Given past history, I’m probably not the best person to write disinterestedly about David Graeber’s Debt. Still, I think that both critics and fans of his work ought to read this comprehensive critique by Mike Beggs in the new issue of Jacobin. Begg admires the energy and ambition of the book, but is also blunt.
Debt, then, does not need any more kind words from me. It’s enough to say that there is a lot of fantastic material in there. The breadth of Graeber’s reading is impressive, and he draws from it a wealth of insightful fragments of history. The prospect of a grand social history of debt from a thinker of the radical left is exciting. The appeal is no mystery. I wanted to love it.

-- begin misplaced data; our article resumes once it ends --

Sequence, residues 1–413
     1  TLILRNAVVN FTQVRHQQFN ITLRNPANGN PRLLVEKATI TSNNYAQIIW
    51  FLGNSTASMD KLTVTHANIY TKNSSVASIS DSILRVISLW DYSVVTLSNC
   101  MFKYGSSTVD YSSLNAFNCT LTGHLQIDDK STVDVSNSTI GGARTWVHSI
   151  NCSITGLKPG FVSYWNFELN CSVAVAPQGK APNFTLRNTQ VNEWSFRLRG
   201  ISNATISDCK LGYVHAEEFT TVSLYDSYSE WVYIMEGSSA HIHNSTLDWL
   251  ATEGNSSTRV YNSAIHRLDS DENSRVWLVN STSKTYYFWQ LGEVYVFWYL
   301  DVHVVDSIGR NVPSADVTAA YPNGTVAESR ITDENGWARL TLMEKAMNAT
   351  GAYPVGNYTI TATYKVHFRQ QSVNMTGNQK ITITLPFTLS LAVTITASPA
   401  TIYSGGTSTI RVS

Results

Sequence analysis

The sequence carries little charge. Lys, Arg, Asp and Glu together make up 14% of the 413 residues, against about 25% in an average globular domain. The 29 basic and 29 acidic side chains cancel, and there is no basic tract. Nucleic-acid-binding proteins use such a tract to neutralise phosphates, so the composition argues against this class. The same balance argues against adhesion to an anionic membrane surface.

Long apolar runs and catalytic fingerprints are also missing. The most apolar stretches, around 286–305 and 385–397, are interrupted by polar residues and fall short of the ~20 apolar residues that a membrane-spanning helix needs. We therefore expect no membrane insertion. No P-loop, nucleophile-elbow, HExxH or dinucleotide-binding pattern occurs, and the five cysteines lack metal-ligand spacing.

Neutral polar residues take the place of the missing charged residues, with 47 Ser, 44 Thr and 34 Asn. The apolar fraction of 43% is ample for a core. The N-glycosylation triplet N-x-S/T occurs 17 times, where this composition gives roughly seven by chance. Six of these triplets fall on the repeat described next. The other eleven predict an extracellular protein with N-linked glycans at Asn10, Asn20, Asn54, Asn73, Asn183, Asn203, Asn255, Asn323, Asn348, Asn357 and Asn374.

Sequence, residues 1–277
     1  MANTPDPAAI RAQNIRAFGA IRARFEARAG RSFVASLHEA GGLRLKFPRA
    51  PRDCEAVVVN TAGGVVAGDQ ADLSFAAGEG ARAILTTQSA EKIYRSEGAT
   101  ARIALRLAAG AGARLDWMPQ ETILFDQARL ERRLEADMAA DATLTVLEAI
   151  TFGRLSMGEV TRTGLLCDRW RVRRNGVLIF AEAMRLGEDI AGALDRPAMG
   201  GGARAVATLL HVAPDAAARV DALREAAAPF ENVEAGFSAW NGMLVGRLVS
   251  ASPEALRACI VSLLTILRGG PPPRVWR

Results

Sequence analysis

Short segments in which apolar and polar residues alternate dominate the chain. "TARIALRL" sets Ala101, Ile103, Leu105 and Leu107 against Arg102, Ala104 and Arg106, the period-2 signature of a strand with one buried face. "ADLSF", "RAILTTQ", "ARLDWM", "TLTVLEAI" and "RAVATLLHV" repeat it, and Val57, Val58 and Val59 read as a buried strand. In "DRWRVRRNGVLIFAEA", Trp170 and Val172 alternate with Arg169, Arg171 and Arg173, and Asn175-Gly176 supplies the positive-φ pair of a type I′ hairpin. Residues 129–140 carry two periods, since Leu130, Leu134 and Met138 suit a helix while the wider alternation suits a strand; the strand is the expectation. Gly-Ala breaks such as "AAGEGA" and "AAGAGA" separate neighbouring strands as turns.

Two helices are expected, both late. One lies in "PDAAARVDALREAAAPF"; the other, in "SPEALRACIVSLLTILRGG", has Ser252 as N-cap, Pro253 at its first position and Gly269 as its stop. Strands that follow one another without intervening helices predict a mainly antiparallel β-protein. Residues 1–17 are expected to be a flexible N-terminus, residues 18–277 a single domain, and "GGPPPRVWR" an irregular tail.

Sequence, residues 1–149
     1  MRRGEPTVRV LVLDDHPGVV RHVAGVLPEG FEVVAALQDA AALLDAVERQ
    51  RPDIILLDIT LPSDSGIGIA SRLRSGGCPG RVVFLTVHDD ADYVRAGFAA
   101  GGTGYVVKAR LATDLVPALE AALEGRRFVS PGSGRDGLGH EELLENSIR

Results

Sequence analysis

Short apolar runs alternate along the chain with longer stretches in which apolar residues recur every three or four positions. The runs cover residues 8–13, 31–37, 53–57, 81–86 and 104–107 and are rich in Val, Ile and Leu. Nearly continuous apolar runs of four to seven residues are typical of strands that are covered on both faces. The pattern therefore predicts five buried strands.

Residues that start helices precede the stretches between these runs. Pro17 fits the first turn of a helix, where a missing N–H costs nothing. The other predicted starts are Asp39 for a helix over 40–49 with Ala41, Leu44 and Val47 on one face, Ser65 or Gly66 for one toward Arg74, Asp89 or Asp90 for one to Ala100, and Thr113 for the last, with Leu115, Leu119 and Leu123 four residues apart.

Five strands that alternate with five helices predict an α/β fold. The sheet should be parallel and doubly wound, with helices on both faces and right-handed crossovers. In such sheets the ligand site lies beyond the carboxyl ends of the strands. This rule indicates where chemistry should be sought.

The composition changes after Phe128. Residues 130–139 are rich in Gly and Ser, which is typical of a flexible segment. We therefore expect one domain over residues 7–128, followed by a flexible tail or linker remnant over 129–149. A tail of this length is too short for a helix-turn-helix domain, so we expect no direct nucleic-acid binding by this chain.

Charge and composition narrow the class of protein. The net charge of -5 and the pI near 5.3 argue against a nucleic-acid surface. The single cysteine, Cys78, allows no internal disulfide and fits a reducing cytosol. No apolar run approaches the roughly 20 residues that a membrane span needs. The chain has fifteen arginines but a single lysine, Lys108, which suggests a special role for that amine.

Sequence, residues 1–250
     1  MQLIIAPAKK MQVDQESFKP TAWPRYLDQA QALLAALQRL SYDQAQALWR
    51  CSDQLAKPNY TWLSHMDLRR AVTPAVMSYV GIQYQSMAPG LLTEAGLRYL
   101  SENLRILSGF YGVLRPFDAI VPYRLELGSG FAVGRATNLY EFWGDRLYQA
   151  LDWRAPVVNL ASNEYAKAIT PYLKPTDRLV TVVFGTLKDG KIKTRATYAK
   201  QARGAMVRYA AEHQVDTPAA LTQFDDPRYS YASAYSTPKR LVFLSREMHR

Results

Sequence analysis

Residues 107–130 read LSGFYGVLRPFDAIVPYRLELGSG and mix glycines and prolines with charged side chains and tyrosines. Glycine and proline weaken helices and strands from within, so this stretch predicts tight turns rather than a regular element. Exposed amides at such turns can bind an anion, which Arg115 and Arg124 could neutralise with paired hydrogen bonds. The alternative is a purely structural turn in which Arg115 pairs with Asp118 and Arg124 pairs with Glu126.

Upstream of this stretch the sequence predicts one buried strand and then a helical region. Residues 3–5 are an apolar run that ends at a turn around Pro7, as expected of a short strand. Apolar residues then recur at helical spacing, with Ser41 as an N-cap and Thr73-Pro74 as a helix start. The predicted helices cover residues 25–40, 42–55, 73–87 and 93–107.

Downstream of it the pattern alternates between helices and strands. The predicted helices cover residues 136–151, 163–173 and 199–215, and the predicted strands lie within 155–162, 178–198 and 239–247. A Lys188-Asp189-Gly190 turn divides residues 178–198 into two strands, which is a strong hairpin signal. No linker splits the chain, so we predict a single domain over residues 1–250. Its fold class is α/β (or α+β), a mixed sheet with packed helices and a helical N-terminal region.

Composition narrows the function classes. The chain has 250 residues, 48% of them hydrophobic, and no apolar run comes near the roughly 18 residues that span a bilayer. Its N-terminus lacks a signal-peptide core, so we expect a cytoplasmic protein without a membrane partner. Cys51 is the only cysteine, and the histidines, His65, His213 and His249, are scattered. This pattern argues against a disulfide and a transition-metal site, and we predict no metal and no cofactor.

Unfortunately, I found the main arguments wholly unconvincing.
The very unconvincingness poses the question: What do we need from our grand social theory? The success of the book shows there is an appetite for work that promises to set our present moment against the sweep of history so as to explain our predicament and help us find footholds for changing it. What is wrong with Graeber’s approach, and how could we do better?